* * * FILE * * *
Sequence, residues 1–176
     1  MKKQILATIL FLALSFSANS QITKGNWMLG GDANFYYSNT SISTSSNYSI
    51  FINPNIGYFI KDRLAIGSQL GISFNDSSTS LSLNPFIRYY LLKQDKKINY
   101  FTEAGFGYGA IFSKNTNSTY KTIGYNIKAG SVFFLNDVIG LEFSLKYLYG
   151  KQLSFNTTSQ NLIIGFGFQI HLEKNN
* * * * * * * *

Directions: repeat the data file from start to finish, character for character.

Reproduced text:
Sequence, residues 1–176
     1  MKKQILATIL FLALSFSANS QITKGNWMLG GDANFYYSNT SISTSSNYSI
    51  FINPNIGYFI KDRLAIGSQL GISFNDSSTS LSLNPFIRYY LLKQDKKINY
   101  FTEAGFGYGA IFSKNTNSTY KTIGYNIKAG SVFFLNDVIG LEFSLKYLYG
   151  KQLSFNTTSQ NLIIGFGFQI HLEKNN